Credit: ITV Sport Archive
Credit: ITV Sport Archive

Q) Why did you want to make this documentary on Paul Gascoigne?

A) Personally, I look for different layers and levels in my story so with Gazza he was this extraordinary icon of 90s Britain, and he became incredibly famous at a national tournament just at the point where celebrity culture was mushrooming, where Murdoch and Maxwell were looking to build around celebrities and their newspapers were canonising Gazza. So, there was always that wonderful character around the heart of it. This story happened because people loved him, and he was an incredible footballer so there were those two brilliant assets to start with. And then the question was how do we tell a story which can appeal to a wide audience?

Digging in more the thing that made me really start the film was understanding by researching right back at the beginning just how close the tabloid press had been to his literal personal, day to day life. And how by the end of the film it’s the story of tabloid culture told through what happened to Paul Gascoigne. By the end of 1998, by the end of the story, his whole life he was surrounded by this desperation of celebrity, and it had literally overcome his life and destroyed his mental health. The reason you stick with it for five years through complications - archive is very expensive to do, Gazza is a UK subject but a lot of people want subjects that appeal to America not just the UK - the reason you stick by it is because you believe in that story and it’s something people should want to know, will want to know and will be affected by.

Q) Is there one thing that has stayed with you since creating Gazza?

A) One thing is that when you’ve been working with a family and it’s 25 years ago and over a 10-year period and you’re working with family archive and tapes, it’s an extraordinary and affecting experience because this is their lives, and you know what happens at the end. You know where they are now, you know what happened to the people they care about and you’re there watching the innocence and the naivety and the hope that exists at the beginning.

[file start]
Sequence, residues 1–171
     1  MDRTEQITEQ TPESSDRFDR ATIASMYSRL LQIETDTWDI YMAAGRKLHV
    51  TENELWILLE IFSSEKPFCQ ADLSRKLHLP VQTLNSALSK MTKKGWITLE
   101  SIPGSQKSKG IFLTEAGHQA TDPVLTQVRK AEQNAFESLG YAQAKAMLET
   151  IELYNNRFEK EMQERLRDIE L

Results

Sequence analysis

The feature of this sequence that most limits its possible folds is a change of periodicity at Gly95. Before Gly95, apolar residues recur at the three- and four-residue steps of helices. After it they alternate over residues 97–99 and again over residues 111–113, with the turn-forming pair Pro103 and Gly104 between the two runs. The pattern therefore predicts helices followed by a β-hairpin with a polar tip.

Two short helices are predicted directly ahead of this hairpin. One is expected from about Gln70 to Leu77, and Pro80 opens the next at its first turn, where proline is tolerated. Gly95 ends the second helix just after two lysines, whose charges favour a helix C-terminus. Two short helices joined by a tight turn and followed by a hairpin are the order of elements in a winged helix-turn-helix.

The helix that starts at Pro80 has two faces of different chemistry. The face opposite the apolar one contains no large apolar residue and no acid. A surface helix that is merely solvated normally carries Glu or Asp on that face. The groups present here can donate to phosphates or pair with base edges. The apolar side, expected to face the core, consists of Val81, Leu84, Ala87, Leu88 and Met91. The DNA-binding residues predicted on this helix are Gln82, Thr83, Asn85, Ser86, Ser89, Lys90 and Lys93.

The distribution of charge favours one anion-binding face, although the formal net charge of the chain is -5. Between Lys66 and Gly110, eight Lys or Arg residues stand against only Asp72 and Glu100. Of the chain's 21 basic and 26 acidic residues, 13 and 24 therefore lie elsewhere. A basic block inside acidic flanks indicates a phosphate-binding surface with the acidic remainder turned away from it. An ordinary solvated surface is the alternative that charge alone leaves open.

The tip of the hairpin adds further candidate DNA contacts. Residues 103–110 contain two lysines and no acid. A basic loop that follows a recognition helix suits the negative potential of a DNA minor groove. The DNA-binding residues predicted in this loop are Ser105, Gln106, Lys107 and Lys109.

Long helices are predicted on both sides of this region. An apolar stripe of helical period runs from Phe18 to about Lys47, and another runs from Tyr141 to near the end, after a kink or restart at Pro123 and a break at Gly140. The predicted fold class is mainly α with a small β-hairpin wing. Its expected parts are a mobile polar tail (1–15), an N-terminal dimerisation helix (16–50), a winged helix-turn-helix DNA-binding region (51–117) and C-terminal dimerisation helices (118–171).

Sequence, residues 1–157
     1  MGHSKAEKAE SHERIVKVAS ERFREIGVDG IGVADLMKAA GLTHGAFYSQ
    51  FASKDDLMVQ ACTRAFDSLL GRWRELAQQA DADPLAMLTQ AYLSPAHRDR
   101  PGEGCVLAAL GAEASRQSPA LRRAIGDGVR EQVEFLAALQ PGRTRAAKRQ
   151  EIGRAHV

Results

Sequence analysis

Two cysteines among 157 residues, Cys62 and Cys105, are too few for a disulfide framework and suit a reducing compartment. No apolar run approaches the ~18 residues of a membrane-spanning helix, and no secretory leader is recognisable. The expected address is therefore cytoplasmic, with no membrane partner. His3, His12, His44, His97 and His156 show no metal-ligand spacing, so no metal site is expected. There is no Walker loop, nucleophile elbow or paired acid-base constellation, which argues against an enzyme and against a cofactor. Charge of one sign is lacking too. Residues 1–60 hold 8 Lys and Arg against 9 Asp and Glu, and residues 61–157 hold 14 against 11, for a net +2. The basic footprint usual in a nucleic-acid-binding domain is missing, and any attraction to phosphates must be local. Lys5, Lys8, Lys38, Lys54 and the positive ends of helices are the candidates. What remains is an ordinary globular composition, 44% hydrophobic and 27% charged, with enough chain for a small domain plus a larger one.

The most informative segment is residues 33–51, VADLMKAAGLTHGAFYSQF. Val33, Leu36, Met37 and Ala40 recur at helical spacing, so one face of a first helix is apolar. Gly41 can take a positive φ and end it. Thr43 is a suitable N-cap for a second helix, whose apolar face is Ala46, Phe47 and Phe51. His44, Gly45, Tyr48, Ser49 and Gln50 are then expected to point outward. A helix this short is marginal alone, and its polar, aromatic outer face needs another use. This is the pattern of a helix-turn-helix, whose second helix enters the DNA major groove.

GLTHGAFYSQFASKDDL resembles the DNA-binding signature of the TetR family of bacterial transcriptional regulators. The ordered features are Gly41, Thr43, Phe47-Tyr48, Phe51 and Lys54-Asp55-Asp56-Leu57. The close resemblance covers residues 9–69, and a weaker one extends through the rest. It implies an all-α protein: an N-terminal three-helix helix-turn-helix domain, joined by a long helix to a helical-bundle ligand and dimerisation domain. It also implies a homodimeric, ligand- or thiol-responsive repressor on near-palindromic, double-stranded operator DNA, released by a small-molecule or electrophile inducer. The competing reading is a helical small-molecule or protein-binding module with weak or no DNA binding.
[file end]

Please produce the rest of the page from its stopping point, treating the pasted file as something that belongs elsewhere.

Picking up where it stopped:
I suppose something you try to remember is they aren’t just characters in a story, they’re real people, it really happened and that goes for everybody across Paul’s story. You try to expect that as a film maker and tell a story that they recognise, it’s a big responsibility.

UEFA Paul Gascoigne
UEFA Paul Gascoigne

Q) Do you have another project in the pipeline?

A) Not yet, it’s a challenge to follow something up like Gazza. It would be nice to work on a happy story rather than stories about greed and betrayal and corruption at various levels. As a filmmaker all you can hope for is to work with strong, compelling characters and to work on subjects that have the capacity to engage an audience, like people care about them. So, what I’m looking for is to work on stories that can make a difference and tell people something about the world they live in. I’m just talking in complete cliches now! But just keep making films, keep learning, that’s what I’m hoping to do.

GAZZA will be available on Digital Download from 2nd May and Blu-ray & DVD from 9th May #gazzadoc